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Hiatus and Web Site Announcement

The Shakespeare Conference: SHK 26.151  Monday, 23 March 2015

 

From:        Hardy M. Cook < This e-mail address is being protected from spambots. You need JavaScript enabled to view it >

Date:         Monday, March 23, 2015

Subject:    Hiatus and Web Site Announcement

 

Dear SHAKSPER Subscribers,

 

This is to announce that I will be on retreat from Thursday, March 26, until Wednesday, April 8 without Internet access. Therefore, there will be a hiatus in receiving Newsletters between those dates. 

 

Keep the postings coming and I will catch up with them when I return from the wilds of Massachusetts. 

 

While I am at it, let me also announce that Ron Severdia of PlayShakespeare.com (host of SHAKSPER.net), CTO at Metrodigi (www.metrodigi.com) an eBook software and development company in the San Francisco Bay Area, actor, and author of Using Joomla, will soon be redesigning the SHAKSPER web site. The new site will have many state-of-the-art features. Ron will be using the Osmosis Rockettheme I have recently purchased: http://demo.rockettheme.com/joomla-templates/osmosis/. Every SHAKSPERean owes Ron a vote of thanks for his gratis design work for the current and future SHAKSPER web site.

 

-Hardy

 
 
Conference on Shakespeare’s Kings

The Shakespeare Conference: SHK 26.150  Monday, 23 March 2015

 

From:        Richard Waugaman < This e-mail address is being protected from spambots. You need JavaScript enabled to view it >

Date:         March 21, 2015 at 11:33:37 AM EDT

Subject:    Conference on Shakespeare’s Kings

 

Washington & Lee University is offering an alumni college, open to all, on “Shakespeare’s Kings.” It takes place July 12-17. The registration fee of $795 includes 10 meals, and the option of free housing on campus. It will include lectures every morning, with other activities and entertainment in the afternoon and evening. There will be daily lectures by Ralph Cohen (founder of the American Shakespeare Center in Staunton, VA) and by W&L Ballangee Professor of English, Marc C. Conner. Professor Conner has created a terrific Teaching Company Course, “How to Read and Understand Shakespeare.” 

 

http://www.wlu.edu/special-programs/alumni-college/campus-programs/shakespeares-kings

 

Here is their website’s description of the program—

 

William Shakespeare flourished under the reigns of Elizabeth and James, for each monarch was a great patron of the theater. It is no surprise, then, that Shakespeare became the great imaginative chronicler of the English monarchy, as kingship became a profound source of inspiration for him and a vexing problem upon which he turned his limitless imagination. Beginning with perhaps his very first play in the early 1590s, he dramatized and anatomized the great kings and queens of English history, attempting not merely to render their historic lives on the stage, but also to probe what it means to be a king, how the king’s private life influences and even defines his public life, and what happens when the king is found unworthy of the crown. Shakespeare’s plays constitute as profound an engagement with the concept of kingship as any political or historical treatise ever penned.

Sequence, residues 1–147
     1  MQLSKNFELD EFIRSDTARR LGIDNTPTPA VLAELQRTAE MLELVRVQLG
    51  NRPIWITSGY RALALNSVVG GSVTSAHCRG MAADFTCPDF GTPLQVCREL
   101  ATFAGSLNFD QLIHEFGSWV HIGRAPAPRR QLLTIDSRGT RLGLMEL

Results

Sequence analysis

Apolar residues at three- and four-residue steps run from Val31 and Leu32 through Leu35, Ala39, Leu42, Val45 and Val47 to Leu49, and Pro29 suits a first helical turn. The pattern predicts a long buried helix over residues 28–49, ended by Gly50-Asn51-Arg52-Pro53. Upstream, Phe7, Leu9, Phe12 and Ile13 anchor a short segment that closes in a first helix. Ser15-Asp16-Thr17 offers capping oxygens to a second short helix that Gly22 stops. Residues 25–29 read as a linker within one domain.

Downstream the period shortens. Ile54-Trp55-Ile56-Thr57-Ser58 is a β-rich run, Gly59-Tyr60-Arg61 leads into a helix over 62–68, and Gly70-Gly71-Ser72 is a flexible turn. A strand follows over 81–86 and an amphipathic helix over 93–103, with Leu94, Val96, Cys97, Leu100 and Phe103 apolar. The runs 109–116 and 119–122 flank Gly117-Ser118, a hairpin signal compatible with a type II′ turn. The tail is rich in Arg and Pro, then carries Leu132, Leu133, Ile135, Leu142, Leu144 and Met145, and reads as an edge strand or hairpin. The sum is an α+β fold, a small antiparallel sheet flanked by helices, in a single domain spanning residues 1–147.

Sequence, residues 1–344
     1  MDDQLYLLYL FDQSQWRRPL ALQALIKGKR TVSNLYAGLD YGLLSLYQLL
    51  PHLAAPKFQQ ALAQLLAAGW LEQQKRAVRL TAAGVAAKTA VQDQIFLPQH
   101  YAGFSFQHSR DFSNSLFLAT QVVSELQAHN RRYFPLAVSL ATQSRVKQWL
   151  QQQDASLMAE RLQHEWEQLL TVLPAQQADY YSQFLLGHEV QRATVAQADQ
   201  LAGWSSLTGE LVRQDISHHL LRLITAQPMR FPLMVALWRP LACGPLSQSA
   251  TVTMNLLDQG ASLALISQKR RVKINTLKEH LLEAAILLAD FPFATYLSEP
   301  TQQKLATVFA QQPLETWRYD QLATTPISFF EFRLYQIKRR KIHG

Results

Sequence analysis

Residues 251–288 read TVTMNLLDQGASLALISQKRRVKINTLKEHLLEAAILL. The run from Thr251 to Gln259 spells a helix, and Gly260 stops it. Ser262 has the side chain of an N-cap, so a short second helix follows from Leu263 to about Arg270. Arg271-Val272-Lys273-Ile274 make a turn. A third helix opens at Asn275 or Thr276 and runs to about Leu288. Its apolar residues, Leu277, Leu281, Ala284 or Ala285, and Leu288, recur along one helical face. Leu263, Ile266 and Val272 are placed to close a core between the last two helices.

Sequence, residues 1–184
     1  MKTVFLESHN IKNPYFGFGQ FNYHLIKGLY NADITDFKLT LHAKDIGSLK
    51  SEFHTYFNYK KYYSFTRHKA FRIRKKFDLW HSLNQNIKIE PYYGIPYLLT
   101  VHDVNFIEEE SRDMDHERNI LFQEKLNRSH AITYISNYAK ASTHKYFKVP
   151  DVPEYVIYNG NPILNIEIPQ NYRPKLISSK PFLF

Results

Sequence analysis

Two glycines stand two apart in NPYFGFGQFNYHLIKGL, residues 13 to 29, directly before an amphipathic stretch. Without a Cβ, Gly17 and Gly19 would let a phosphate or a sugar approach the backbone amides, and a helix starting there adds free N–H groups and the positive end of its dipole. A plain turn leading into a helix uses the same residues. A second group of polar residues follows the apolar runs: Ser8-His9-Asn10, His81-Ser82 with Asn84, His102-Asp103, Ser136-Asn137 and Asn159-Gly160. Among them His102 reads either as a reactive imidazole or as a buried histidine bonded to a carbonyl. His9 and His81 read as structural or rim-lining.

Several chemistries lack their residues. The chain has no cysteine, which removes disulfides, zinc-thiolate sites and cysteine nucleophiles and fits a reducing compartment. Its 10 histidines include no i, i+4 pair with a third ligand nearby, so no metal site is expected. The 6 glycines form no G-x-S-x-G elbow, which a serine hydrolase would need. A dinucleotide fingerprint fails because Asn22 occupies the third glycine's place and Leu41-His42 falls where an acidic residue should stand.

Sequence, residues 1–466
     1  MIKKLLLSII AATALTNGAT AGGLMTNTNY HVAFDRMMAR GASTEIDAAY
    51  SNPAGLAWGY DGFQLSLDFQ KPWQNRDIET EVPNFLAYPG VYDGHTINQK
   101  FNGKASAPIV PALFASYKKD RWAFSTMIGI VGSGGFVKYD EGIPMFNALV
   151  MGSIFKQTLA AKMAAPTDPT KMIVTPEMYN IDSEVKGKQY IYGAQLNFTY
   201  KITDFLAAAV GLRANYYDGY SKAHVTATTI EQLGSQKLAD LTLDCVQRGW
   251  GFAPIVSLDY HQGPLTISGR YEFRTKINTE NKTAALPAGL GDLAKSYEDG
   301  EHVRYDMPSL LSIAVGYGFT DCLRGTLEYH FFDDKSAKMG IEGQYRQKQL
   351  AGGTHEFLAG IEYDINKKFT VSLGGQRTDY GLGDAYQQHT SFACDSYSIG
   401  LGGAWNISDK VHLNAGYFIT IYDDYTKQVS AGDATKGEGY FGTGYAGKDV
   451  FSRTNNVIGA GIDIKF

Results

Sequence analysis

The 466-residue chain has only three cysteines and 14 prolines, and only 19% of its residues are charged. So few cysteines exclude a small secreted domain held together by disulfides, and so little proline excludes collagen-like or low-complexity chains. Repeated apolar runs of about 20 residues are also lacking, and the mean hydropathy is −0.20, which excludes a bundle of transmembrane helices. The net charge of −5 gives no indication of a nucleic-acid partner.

In this program, we’ll examine three of Shakespeare’s most famous and most powerful depictions of kingship. In Henry IV, Part 1, we’ll see how the madcap Prince Hal evolves from a rascal thief into the very model of a Christian king-and yet what this transformation will cost Hal as a man, a son, and a ruler. In the figure of Falstaff, Shakespeare’s greatest comic creation, we’ll see both the spirit of joy and revelry that so attracts Hal, but also the “devil” who will tempt the young prince from his responsibilities- what Hal calls “the debt I never promised.” In Macbeth, we’ll see how Macbeth descends from faithful hero and obedient subject to King Duncan into a traitor and regicide as he embraces the ambition urged on him by his remarkable wife. Yet even as we are appalled at Macbeth’s cruelty and violence, we cannot help but be moved by his fierce pride, his indomitable will, and most of all by his magnificent poetry. Finally, in Antony and Cleopatra, we’ll meet a man who must choose between his earthly ambition and political responsibility on the one hand and, on the other, a love that cannot be contained by all the earth can offer. And in the remarkable figure of Cleopatra, we’ll see a monarch who, like Shakespeare’s own Queen Elizabeth I, could use her intellect, sexuality, and political savvy to hold at bay even the greatest rulers of the world. This program promises to engage not just three of Shakespeare’s greatest plays, but also the most profound questions of history, politics, and human destiny posed by the European Renaissance.

 

Faculty will include Marc Conner, the Jo M. and James M. Ballengee 250th Anniversary Professor of English and associate provost; Holly Pickett, associate professor of English; and Ralph Cohen, retired professor of English at James Madison University and co-founder of the American Shakespeare Center.

 

Richard M. Waugaman, M.D.

Training & Supervising Analyst Emeritus, Washington Psychoanalytic Institute

Clinical Professor of Psychiatry and Faculty Expert on Shakespeare for Media Contacts, Georgetown University

email:  This e-mail address is being protected from spambots. You need JavaScript enabled to view it

or  This e-mail address is being protected from spambots. You need JavaScript enabled to view it

 
 
Adventures in Original Punctuation

The Shakespeare Conference: SHK 26.149  Friday, 20 March 2015

 

[1] From:        Gabriel Egan < This e-mail address is being protected from spambots. You need JavaScript enabled to view it >